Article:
Making Over Contrast in an Image (continued)

0 Click the horizontal gradient bar (located under the graph) until the highlight end is on the right side.

! Click the quarter-tone area of the curve and drag it up one to two horizontal lines. Similarly, click and drag the three-quarter-tone position on the curve down one to two horizontal lines.

The quarter-tone position on the curve is — you guessed it — a quarter of the way across the grid; you can find the three-quarter-tone area at three quarters of the way.

@ Click OK to apply this curve adjustment.

Note how the contrast of the image has increased again, in response to applying the "S-shaped" curve adjustment.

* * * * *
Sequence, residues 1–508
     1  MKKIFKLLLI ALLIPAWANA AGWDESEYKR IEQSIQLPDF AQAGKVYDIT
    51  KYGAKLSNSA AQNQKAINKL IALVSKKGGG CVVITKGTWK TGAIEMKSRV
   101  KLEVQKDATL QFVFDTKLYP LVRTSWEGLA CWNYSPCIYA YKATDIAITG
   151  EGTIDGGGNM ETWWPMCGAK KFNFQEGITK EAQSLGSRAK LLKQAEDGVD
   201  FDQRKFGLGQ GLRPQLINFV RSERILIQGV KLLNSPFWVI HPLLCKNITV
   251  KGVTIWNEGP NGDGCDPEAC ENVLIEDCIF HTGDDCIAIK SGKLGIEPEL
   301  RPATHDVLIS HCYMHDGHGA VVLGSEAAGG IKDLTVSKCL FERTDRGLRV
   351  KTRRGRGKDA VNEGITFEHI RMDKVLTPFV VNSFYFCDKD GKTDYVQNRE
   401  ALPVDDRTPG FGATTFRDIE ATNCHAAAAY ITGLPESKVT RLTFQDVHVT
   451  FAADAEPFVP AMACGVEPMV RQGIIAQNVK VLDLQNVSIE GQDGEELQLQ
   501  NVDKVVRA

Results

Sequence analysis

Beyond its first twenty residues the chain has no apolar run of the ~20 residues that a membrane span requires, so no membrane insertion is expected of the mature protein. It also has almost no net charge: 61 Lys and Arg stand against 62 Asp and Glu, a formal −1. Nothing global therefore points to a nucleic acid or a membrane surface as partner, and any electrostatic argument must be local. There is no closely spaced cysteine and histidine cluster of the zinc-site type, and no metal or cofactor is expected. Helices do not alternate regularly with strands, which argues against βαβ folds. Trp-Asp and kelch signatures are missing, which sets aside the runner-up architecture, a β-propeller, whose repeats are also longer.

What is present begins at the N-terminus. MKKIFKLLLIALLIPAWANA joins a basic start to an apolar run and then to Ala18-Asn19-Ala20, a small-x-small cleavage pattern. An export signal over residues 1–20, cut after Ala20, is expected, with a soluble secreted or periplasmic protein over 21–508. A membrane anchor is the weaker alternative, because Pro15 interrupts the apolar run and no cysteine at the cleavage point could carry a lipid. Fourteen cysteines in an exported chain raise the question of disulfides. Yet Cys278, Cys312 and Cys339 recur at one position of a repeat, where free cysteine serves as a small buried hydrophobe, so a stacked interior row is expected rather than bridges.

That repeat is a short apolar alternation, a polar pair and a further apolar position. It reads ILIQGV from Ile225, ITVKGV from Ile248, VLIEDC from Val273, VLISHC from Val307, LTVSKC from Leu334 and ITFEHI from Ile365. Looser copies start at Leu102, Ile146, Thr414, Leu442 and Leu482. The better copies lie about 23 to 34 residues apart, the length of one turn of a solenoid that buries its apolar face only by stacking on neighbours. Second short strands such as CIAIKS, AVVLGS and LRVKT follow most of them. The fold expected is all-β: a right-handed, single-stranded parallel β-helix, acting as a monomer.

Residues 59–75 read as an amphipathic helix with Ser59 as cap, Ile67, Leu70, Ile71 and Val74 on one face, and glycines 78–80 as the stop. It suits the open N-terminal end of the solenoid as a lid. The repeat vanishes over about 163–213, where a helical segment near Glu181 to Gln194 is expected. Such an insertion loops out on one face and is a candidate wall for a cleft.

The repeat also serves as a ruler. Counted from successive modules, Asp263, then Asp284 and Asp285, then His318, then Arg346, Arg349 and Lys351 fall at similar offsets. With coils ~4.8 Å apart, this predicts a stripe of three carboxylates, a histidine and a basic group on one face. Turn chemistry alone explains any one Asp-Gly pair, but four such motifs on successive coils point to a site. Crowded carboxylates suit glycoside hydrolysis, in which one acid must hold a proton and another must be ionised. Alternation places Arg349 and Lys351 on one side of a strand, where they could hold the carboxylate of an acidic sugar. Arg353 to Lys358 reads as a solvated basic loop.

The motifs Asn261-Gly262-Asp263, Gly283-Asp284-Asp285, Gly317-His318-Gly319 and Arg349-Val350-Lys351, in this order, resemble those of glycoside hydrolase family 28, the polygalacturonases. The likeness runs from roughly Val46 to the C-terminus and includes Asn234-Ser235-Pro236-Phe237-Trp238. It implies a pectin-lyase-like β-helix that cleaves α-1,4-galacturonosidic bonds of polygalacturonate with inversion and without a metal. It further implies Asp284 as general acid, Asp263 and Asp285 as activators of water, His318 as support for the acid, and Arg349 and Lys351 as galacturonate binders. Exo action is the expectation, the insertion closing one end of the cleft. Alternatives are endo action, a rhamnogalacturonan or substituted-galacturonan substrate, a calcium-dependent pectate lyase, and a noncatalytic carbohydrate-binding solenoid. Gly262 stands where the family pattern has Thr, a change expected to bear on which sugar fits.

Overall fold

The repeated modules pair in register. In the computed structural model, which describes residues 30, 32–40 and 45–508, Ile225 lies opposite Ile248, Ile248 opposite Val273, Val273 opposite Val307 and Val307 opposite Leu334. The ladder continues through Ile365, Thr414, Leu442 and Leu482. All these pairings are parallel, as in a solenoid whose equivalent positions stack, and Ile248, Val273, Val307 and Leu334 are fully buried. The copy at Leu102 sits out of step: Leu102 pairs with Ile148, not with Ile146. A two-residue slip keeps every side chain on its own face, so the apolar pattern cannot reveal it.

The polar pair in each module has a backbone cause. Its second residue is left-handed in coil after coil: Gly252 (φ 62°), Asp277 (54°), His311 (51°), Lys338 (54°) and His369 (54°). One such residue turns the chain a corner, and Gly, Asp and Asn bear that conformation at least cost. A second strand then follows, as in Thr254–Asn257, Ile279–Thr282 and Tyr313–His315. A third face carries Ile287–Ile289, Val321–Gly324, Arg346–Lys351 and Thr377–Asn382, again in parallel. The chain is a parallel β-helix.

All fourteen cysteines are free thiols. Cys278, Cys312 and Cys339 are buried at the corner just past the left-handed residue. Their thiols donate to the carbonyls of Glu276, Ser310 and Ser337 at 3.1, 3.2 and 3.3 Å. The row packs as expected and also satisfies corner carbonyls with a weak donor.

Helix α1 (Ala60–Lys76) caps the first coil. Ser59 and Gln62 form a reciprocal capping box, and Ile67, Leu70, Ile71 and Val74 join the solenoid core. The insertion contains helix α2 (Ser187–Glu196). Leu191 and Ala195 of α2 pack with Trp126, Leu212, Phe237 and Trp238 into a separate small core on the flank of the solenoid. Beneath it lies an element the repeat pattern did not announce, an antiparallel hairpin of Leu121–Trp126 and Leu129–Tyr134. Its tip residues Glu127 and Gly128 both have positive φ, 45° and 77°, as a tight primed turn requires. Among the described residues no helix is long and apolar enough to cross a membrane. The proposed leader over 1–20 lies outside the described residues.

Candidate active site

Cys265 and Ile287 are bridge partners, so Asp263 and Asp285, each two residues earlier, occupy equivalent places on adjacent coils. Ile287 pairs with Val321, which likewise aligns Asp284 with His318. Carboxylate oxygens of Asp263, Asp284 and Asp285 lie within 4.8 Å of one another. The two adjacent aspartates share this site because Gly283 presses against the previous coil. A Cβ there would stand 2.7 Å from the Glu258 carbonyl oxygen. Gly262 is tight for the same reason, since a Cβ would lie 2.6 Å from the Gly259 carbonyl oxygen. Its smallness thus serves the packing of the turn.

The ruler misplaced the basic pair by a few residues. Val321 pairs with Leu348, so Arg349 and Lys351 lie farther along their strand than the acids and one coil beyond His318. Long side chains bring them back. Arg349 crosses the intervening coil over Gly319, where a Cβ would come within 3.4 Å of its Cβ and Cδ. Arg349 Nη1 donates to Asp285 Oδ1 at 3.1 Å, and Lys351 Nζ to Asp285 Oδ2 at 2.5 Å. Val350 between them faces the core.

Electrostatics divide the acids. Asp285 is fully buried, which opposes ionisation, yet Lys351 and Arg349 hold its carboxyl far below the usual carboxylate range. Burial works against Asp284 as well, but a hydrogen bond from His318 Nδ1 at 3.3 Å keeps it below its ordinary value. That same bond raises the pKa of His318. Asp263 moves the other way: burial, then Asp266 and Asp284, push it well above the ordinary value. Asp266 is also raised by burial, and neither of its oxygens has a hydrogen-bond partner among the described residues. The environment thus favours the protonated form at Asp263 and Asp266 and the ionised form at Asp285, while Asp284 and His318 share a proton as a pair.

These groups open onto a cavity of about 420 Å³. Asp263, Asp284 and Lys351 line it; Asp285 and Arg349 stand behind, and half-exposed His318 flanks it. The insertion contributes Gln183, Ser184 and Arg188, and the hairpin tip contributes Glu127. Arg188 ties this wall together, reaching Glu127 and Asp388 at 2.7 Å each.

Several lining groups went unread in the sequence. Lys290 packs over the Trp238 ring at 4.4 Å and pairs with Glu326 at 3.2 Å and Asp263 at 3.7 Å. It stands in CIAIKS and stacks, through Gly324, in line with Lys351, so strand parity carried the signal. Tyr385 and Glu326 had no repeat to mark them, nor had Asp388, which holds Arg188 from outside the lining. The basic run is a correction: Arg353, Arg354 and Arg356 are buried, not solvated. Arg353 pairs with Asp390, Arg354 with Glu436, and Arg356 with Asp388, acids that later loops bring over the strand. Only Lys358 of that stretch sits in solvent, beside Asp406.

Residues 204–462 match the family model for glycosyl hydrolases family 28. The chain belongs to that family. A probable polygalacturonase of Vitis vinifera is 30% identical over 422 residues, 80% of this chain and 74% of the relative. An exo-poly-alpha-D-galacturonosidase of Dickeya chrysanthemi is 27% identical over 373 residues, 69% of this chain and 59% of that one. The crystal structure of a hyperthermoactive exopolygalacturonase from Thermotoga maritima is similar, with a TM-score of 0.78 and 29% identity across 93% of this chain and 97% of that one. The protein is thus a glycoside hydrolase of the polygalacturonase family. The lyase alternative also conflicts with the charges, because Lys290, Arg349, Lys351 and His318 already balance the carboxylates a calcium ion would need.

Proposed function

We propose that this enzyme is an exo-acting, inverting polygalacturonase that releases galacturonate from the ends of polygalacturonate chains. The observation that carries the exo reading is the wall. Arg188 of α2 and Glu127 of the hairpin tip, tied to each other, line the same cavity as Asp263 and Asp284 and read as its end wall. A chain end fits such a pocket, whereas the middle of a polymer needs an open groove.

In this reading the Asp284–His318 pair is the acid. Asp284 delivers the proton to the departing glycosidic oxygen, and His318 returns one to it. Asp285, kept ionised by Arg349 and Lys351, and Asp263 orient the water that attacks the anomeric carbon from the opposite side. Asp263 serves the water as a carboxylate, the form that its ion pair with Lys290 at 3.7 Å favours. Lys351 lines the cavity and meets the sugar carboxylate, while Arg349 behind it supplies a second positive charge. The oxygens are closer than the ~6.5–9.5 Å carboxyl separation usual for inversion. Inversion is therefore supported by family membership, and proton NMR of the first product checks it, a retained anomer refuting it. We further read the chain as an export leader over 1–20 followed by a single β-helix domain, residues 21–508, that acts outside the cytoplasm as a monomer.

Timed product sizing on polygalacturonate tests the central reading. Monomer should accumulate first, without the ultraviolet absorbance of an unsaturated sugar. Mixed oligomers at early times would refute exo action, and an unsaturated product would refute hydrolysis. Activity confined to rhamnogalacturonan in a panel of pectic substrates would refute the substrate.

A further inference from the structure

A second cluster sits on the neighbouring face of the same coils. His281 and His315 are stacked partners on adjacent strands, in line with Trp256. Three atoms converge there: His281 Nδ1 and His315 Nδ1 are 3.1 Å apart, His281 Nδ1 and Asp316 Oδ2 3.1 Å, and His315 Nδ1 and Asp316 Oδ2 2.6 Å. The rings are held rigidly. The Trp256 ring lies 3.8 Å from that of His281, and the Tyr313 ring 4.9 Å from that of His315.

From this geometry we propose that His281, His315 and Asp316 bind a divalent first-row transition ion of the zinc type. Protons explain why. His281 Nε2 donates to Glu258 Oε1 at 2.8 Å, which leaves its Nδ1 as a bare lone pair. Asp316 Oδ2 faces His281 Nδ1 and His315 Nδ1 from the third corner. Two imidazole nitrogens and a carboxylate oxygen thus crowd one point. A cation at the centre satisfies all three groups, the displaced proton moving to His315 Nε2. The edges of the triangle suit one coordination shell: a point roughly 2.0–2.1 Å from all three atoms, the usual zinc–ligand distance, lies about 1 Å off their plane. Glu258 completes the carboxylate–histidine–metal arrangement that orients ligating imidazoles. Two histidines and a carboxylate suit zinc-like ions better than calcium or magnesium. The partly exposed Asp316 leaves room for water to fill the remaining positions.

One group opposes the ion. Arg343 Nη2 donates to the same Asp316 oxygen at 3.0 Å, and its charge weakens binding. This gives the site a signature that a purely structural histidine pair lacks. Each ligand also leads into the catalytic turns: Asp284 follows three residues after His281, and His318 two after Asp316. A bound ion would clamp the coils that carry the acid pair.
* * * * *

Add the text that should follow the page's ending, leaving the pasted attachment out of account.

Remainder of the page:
Note how the contrast of the image has increased again, in response to applying the "S-shaped" curve adjustment.

Photoshop Confidential

Curve Shapes wJLml

The shape of a curve when you apply it to an image can dramatically affect the contrast of an image. Wherever a curve has a steep slope (as it is in the mid-tone in the preceding exercise), contrast is enhanced. More grayscale data is moved to the quarter-tone and three-quarter-tone areas of the image, thereby increasing the image's overall contrast. If a curve is flattened in the midtone (as in the following exercise), grayscale data are concentrated in the midtone aera of the image, which reduces contrast for the overall image. So the rule is: Steepening the curve increases contrast; flattening the curve decreases contrast.

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